Remember the HitClips? They were the iPod before the iPod but they carried one small caveat, they only lasted for one minute. For one minute you got to enjoy your favorite pop song. So this was a time when N*SYNC, Britney Spears, and The Backstreet Boys were highly popular so you can bet that whoever owned one of these had them in their pocket. The songs weren’t the greatest of quality but they got the job done. Kids loved listening to these but it’s clear only being able to enjoy one minute of the song lost its appeal, and these eventually fizzled out.

You’ve Got Mail!

Whenever you heard that strange noise, you knew you were close to getting internet access. The AOL dial-up internet noise was exciting in the ’90s to an embarrassing degree. Of course, there was the even more thrilling, “You got mail!” alert. All of this excitement was a bit dampened by the limitations of internet access. You had to wait until everyone in the house was off the phone, and if they picked up the phone while you were browsing the web, they heard a painful internet tone blaring in their ear. The funny thing is, 2.1 million Americans are still paying to use dial-up AOL internet in 2017!

A Big Bowl Of Sugar

French Toast Crunch was that cereal that parents loved to hate but kids loved to wake up to. They were first seen on store shelves in 1995, taking a slight turn from the classic Cinnamon Toast Crunch. French Toast Crunch packed an extra kick of sugary goodness that was nothing short of addicting. They were taken off the shelf for some time but they came back by popular demand in 2016. A Twitter user named @beeLH tweeted, “I don’t think people understand the lengths I would go to have a box of French Toast Crunch in my life.”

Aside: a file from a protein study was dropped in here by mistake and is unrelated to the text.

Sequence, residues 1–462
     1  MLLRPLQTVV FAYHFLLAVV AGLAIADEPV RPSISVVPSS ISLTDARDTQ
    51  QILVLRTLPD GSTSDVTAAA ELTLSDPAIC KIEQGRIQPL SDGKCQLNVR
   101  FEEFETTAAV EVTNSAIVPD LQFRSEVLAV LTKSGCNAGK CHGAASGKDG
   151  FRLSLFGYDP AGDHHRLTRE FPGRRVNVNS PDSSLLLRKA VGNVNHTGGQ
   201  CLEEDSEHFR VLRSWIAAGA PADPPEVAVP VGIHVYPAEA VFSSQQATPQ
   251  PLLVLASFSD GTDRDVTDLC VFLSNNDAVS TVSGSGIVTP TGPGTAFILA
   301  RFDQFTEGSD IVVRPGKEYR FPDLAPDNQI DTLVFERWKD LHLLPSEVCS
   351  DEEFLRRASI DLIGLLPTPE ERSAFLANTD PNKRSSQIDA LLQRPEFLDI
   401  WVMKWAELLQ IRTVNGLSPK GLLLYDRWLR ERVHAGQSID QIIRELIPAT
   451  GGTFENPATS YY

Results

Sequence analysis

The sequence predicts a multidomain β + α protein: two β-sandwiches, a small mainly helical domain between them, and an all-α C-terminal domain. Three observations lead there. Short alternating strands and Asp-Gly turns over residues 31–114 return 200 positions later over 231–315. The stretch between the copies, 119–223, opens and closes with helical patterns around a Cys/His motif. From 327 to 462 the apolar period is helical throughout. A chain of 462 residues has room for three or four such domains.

Nickelodeon Couldn’t Get Enough Of Slime

Getting slimed was on every kids’ bucket list in the ’90s. Nickelodeon first slimed contestants on their show You Can’t Do That On Television before it started being used everywhere; Double Dare, Wild and Crazy Kids, Figure It Out- they even incorporated it into their logo as their official trademark. Whether it was celebratory or someone flubbed what they were trying to say, everyone from kids to Jim Carrey has been slimed on Nickelodeon, and it’s always totally satisfying to watch. The secret ingredients of slime are vanilla pudding, apple sauce, green food coloring, and oatmeal.

The Tamagotchi Obsession

If you couldn’t have a real pet when you were younger it was okay. The Tamagotchi was the perfect replacement. It was time-consuming to take care of them but they were addictive. This digital pet arrived in the U.S. in 1997 and quickly became one of the biggest toy fads of the ’90s. They cost $17.99 and over 76 million were sold!

The best way to describe Tamagotchis was both a joy and a chore. You couldn’t feed it to little or else it would die and you couldn’t feed it too much or else it would leave waste everywhere or fall sick. Teachers would tell you to put it away, but leaving your pet unattended was a fearful experience because even 30 minutes without eating could spell trouble for the pet!